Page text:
Riding The Appalachian Fairway With Range Resources

About: Range Resources Corporation (RRC), Includes: AR, CHK, CNX, COG, EQT, SWN
by: Laura Starks

Range Resources is a long term, major natural gas producer operating in the Marcellus (Pennsylvania) and Cotton Valley (Louisiana) formations.

The company produced 2.2 billion cubic feet per day of natural gas and 117,520 barrels per day of liquids in the second quarter, both increases over last year's second quarter.

Increasing transportation options - especially Rover 2 - and consequent increased market opportunities for heating, industry, electrical generation, and export offer revenue and income upside.

The company is leveraging its natural gas liquids production through international export.

Range Resources Corporation (RRC) offers energy investors the opportunity to round out their portfolios with diversification into a different energy source - natural gas - from different locations - the Marcellus field of Pennsylvania and the Lower Cotton Valley formation in North Louisiana. Increasing demand from utilities and liquefied natural gas export and improved transportation access in the third quarter will allow Range Resources to increase its profitability. The company’s upside to its one-year target price is 34%.

Brief Company Summary

Range Resources is a natural gas producer headquartered in Fort Worth, Texas with operations in Pennsylvania and Louisiana. With an August 14th, 2018 closing stock price of $15.39/share, its market capitalization is $3.76 billion.


Left axis, gas price, $/MMBTU, Credit: markets.businessinsider.com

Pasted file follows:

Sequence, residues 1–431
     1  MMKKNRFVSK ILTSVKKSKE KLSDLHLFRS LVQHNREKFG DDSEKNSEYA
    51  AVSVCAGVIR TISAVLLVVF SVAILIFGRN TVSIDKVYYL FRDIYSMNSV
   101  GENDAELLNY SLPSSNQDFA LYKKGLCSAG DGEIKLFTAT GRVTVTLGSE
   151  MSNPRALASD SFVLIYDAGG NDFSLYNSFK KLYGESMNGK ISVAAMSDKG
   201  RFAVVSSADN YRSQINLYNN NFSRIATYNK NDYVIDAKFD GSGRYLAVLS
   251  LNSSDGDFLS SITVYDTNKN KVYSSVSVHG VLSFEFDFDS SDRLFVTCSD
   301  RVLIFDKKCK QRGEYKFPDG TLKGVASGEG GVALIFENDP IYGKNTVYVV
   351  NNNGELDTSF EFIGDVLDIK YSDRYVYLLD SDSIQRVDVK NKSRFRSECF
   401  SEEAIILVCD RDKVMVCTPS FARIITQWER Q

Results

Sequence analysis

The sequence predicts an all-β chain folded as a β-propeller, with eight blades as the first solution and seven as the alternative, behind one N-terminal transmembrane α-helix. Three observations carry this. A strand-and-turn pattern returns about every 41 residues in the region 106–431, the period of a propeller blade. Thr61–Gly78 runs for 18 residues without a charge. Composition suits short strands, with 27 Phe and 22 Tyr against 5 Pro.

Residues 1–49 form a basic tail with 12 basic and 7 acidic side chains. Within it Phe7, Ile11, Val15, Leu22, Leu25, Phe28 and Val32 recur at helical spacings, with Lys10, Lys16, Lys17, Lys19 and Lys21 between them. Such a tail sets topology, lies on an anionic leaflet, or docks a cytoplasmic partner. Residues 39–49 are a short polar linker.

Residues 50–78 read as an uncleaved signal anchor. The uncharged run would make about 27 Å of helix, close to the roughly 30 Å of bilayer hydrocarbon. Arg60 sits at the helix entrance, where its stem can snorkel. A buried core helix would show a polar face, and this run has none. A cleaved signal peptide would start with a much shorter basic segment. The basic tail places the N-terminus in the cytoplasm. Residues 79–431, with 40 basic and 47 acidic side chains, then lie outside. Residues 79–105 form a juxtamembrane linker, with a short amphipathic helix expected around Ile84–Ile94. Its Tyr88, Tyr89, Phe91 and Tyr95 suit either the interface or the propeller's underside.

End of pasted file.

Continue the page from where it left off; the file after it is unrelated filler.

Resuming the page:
Gas Prices, Production, And Differentials

The August 14th closing price was $2.95 per million British Thermal Units (MMBTU) for natural gas at Henry Hub, Louisiana. Meanwhile, the price for Marcellus natural gas - compared to the August 13th close of $2.92 at Henry Hub - was $2.48/MMBTU, a difference of $0.44/MMBTU.

For standard-quality gas, one thousand cubic feet contains one million BTUs.

The August 7, 2018 Energy Information Administration (EIA) Short-Term Energy Outlook notes U.S. dry natural gas production was 73.6 billion cubic feet (BCF) per day in 2017 and is predicted to average 81.1 BCF/D in 2018, which would be a new record. Near term, the EIA projects Appalachian (Marcellus and Utica) volumes to be 29 BCF/day in September 2018. For competitive comparison, Haynesville, Louisiana volumes are predicted to be 9.4 BCF/D and Permian, Texas-New Mexico gas volumes are predicted to be 11.3 BCF/D.

The Marcellus field overall is estimated to contain 40 trillion cubic feet (TCF) of gas, 3 billion barrels of natural gas liquids, and 149 million barrels of condensate.